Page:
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A president defined by gifts he was offered, but failed to accept

Time and again, Trump has been offered gifts that would help him, his country, and his re-election prospects. All he had to do was say, "Yes."
Image: President Donald Trump walks along the White House colonnade on Dec. 17, 2019.
President Donald Trump walks along the White House colonnade on Dec. 17, 2019.Jabin Botsford / The Washington Post via Getty Images file

In early 2018, Donald Trump hosted immigration talks at the White House and shared his vision for the road ahead. In fact, the president surprised many by saying he'd sign a bipartisan agreement -- no matter what was in it.

"I'm not going to say, 'Oh, gee, I want this or I want that.' I'll be signing it," Trump said. He added that if lawmakers negotiated a policy "with things that I'm not in love with," he'd embrace it anyway.

In the weeks that followed, the president turned down six bipartisan immigration deals. Even after congressional Democrats, desperate to protect Dreamers, offered him tens of billions of dollars to construct a giant border wall, the Republican told Fox News, "I have to get more."

Trump ended up with nothing. What could've been the most meaningful policy accomplishment of his presidency was instead one of his many failures. Democrats offered the White House a gift, which Trump refused to accept.

A few months later, Trump said he wanted the international nuclear agreement with Iran to be "tougher." Our allies and partners grudgingly agreed to give the Republican what he said he wanted, offering to strengthen key elements of the policy.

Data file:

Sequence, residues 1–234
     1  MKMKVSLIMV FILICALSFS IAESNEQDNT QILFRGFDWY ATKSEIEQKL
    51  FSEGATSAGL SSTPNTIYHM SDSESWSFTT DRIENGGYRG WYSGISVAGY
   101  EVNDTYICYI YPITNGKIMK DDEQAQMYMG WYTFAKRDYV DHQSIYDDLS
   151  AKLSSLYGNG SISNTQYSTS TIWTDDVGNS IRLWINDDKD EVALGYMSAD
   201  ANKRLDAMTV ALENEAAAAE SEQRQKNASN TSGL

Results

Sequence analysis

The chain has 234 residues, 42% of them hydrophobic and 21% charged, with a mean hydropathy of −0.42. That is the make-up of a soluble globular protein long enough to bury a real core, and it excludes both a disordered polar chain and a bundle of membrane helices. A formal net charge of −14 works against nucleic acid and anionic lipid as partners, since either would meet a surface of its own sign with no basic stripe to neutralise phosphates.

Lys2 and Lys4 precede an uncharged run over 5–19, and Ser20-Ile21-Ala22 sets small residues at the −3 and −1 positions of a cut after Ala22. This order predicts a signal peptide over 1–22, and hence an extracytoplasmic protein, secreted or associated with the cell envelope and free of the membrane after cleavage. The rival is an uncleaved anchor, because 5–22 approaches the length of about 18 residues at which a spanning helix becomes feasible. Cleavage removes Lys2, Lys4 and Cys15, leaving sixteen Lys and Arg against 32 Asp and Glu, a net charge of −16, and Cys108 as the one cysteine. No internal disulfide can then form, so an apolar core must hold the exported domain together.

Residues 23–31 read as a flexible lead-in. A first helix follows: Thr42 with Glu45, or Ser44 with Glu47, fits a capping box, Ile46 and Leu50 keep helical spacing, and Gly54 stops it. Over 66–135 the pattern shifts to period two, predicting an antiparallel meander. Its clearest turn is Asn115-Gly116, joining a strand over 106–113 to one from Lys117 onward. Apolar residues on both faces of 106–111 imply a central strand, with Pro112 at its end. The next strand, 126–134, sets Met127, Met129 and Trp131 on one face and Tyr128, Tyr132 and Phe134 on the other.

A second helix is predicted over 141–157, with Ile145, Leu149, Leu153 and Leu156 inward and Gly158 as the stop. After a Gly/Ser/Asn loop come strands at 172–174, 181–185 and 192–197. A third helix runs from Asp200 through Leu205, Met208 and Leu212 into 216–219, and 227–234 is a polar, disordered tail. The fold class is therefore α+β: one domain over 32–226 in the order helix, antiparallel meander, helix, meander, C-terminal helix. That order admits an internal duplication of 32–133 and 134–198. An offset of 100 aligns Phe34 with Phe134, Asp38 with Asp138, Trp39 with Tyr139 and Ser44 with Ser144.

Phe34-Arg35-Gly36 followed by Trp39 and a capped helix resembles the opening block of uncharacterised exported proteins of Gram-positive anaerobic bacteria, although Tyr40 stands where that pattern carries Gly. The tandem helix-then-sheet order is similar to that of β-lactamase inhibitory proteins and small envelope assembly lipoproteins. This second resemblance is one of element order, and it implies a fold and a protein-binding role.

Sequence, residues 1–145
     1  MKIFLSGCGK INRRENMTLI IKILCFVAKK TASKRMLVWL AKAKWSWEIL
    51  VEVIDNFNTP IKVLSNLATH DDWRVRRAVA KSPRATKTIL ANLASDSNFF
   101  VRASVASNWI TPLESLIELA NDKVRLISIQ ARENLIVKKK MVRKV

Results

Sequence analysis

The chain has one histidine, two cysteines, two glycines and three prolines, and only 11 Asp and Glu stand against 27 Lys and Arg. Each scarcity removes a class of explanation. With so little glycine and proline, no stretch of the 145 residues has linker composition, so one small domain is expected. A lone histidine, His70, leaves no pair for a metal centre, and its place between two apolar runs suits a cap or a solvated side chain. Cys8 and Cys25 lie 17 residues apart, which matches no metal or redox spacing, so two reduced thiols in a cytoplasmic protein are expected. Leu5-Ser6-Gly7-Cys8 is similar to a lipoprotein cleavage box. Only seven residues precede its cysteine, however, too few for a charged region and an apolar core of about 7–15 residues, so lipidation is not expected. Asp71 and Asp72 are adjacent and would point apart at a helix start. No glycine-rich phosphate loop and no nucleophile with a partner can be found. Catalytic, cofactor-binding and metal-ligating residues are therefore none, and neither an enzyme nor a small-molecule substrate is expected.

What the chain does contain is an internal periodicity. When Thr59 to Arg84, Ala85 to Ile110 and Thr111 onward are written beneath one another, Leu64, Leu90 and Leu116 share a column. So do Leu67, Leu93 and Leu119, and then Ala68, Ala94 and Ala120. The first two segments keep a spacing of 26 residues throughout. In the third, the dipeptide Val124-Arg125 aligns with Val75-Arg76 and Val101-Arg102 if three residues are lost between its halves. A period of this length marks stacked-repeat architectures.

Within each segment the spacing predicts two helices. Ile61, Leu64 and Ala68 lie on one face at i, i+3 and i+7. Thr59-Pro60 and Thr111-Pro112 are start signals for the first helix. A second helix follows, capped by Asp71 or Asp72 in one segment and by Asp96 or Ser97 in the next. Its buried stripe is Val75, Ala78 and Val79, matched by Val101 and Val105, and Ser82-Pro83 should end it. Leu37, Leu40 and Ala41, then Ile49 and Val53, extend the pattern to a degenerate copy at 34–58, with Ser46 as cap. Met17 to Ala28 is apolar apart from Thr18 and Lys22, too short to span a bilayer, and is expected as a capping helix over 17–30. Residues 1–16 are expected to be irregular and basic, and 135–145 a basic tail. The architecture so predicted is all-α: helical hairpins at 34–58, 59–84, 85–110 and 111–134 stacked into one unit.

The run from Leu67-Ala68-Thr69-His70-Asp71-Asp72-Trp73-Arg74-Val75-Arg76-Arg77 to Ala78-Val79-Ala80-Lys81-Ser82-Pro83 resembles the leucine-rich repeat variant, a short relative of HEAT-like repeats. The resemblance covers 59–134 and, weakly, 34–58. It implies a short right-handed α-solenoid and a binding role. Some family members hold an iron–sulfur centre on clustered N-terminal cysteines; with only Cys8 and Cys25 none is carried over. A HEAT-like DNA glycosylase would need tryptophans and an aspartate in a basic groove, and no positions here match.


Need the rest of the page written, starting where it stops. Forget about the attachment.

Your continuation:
All the American president had to do was take "yes" for an answer, at which point he could claim credit for "fixing" the Iran deal. Trump betrayed our allies and abandoned the policy anyway.

Now, against a backdrop of high unemployment and an economy stifled by a pandemic, Trump's political opponents have offered to invest trillions of dollars into the economy, giving it a much-needed boost as Election Day nears. In fact, Democrats, indifferent to the electoral effects, have left this on the table for months.

As Catherine Rampell explained overnight, the president turned down this offer, too.

Workers, businesses, and state and local officials have pleaded, for months, for more fiscal help. In recent days, it finally looked like that help was coming, as House Democratic leaders and the treasury secretary reportedly worked toward a compromise, perhaps one somewhat less generous than the bills the House had already passed. Then, on Tuesday afternoon, less than a month before the election, President Trump pulled the plug.

Time and again, Donald Trump has been offered gifts that would help him, his country, and his re-election prospects. Indeed, in each instance, the Republican didn't even have to work hard or invest much effort to have these gifts delivered to him on a platter, gift-wrapped and ready to open.

All he had to do was say, "Yes." But he didn't.

On the Iran deal, he wanted to destroy an effective policy, not make it better. On immigration, the president seemed interested in a bipartisan agreement, before far-right voices started whispering in his ear.

On the economy, well, I honestly don't know why Trump is so reluctant to give the nation a pre-election boost.

Whatever the motivations, if the president loses next month, he'll have plenty of opportunity to reflect on the gifts he should've accepted, but didn't.